May 27, 2015 Read More →

IEEFA Lauds Norwegian Lawmakers for Moving $900 Billion Pension Fund Toward Divesting Further From Risky Coal Assets

Vote Is Seen as a Harbinger of Similar Action by Other Big Investors

CLEVELAND, May 27, 2015 — The Institute for Energy Economics and Financial Analysis (IEEFA) applauded members of Norway’s Parliament for voting today for instructing the Norwegian Government Pension Fund Global (GPFG) to reduce its exposure to fossil-fuel risk by divesting more of its coal-related holdings.

“This is a financially defensive and prudent course of action to protect the fund from further losses from its coal-mining and coal-burning power-generation investments,” said Tom Sanzillo, IEEFA’s director of finance. “Coal markets globally are in the midst of a wrenching structural decline. No investment fund in the world—be it university, pension or institutional—can make a compelling financial case to hold these equities in their portfolio any longer.”

Sanzillo said Norway’s move would most likely spark similar divestment by other large pension funds. The divestiture—which was approved by a key committee today and goes now to the full Parliament—would include all companies that rely on coal for more than 30 percent of revenues.

The Norwegian direction follows publication earlier this month of an IEEFA report, “The Case for Divesting Coal from the Norwegian Government Pension Fund Global,” that presented a grim outlook for the coal industry and said prudent investors should steer clear of coal holdings now and for the foreseeable future.

The report, authored by Sanzillo, noted that coal-company stock prices have collapsed in recent years and that the stocks of coal-burning utilities are in decline too. It points out that over the past five years, the Stowe Global Coal Index has lost 71 percent of its value, and that while coal will remain part of the global industrial energy mix, its share of that mix stands to continue to fall over time.

“Coal stocks are in deep decline as the global economy has made modest gains,” Sanzillo said. “The leadership of the coal industry has only itself to blame for failing to engage in a constructive manner with investors, governments and regulators and now must bear the brunt of the largest fund in the world looking elsewhere to meet its financial targets.”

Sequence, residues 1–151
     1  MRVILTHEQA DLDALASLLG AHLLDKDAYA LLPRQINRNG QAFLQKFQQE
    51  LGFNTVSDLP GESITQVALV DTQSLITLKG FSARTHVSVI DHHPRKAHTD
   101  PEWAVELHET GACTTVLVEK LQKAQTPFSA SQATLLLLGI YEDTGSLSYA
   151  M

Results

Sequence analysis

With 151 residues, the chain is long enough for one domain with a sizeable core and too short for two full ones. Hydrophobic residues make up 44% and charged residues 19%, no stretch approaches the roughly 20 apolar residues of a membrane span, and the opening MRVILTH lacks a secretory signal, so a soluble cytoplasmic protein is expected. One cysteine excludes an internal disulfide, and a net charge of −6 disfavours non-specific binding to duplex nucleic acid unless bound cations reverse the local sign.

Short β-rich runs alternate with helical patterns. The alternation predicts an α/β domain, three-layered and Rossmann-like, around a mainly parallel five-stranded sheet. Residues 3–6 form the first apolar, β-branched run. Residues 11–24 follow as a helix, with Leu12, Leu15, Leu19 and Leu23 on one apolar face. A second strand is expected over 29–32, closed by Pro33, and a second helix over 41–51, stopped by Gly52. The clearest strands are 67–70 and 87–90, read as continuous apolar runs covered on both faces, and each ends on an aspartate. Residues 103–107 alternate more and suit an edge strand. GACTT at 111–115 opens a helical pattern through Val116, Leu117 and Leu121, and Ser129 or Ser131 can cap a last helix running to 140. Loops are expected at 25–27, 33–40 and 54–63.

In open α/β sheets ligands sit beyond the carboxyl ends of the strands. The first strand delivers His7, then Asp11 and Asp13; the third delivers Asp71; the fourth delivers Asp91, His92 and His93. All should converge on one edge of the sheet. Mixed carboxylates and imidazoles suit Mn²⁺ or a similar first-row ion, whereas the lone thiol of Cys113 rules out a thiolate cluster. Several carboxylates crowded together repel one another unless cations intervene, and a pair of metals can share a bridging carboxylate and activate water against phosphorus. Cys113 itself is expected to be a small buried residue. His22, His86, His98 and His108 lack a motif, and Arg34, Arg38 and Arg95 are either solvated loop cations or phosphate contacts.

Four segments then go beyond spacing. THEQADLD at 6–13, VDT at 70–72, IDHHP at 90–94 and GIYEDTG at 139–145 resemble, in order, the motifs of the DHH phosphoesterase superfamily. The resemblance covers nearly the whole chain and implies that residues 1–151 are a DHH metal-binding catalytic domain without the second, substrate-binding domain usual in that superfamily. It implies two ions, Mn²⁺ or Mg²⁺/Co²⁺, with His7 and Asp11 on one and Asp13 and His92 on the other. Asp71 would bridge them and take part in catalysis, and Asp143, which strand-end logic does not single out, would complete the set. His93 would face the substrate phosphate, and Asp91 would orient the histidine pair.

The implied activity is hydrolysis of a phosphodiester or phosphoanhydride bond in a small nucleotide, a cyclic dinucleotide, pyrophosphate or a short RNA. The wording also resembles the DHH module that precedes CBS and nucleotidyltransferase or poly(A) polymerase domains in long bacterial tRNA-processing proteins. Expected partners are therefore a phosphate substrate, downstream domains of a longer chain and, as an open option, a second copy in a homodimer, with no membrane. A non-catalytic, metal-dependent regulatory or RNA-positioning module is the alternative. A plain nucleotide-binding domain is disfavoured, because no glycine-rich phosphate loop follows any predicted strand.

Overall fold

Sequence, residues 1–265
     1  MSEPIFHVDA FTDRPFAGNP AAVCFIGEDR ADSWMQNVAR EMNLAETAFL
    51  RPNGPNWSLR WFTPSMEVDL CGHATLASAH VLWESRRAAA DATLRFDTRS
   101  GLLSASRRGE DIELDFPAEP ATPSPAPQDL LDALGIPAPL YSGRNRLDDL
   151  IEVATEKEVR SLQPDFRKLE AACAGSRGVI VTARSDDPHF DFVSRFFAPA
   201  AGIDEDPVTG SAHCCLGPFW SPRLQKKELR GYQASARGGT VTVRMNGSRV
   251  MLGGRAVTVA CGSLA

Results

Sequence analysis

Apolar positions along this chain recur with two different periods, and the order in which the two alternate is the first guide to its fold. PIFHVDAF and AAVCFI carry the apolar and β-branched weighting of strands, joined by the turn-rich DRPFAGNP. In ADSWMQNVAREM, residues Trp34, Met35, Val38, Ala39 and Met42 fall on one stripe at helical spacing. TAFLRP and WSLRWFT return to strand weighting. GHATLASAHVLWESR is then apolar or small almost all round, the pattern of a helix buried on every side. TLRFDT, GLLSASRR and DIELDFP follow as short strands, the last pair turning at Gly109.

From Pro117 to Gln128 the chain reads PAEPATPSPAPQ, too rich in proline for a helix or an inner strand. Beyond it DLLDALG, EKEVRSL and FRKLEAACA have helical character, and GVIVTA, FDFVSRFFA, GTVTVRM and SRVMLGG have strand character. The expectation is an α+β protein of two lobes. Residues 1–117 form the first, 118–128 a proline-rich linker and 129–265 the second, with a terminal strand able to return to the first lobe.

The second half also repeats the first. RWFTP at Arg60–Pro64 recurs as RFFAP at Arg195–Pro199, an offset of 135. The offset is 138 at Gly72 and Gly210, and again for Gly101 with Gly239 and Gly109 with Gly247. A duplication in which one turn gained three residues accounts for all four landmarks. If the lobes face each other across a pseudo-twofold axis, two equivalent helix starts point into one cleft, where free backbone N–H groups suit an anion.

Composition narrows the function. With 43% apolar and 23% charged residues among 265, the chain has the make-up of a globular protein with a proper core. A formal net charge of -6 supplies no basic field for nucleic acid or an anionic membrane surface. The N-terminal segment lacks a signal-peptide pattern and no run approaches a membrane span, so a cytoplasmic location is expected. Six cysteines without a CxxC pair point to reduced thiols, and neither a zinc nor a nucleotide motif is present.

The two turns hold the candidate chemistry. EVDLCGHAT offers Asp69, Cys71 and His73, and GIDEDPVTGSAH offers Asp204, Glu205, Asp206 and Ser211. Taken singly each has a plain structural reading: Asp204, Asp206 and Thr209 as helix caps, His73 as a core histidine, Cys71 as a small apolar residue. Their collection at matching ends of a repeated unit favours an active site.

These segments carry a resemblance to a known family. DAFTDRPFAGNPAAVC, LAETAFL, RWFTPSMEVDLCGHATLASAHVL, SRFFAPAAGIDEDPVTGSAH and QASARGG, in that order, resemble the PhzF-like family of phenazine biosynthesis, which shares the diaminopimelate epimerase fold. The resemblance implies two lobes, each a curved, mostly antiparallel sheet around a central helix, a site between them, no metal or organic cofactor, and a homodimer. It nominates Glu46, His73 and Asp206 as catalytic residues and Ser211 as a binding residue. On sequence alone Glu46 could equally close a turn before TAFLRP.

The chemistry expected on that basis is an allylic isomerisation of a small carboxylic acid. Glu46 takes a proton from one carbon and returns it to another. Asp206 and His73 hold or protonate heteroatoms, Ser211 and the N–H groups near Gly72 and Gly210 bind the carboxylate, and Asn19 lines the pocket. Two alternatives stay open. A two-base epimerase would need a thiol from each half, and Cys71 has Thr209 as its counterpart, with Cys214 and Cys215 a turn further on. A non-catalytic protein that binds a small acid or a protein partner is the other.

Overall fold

Sanzillo added, “The coal industry has failed to compete with other energy resources, particularly wind, solar and energy efficiency. Its various export and trading schemes have only resulted in further deterioration of share value. Coal stocks are losing money every day. No investment policy that I am familiar with can holding stocks in an industry with catastrophic losses and with no realistic case for an upside for the foreseeable future. Norway has led, and I suspect they will not be alone for long.”

GPFG is the largest pension fund in the world. Its total coal sector holdings are valued at NOK 85.5 billion (US$11.4 billion). Norges Bank Investment Management, an arm of the Norwegian Central Bank, manages the Fund for the Norwegian Ministry of Finance.

Media contact:
Karl Cates

Director of Finance Tom Sanzillo is available for interview. Mr. Sanzillo has 30 years of experience in public and private finance, including as a first deputy comptroller of New York State, where he held oversight over a $156 billion pension fund and $200 billion in municipal bond programs.


The Institute for Energy Economics and Financial Analysis (IEEFA) conducts research and analyses on financial and economic issues related to energy and the environment. The Institute’s mission is to accelerate the transition to a diverse, sustainable and profitable energy economy and to reduce dependence on coal and other non-renewable energy resources.

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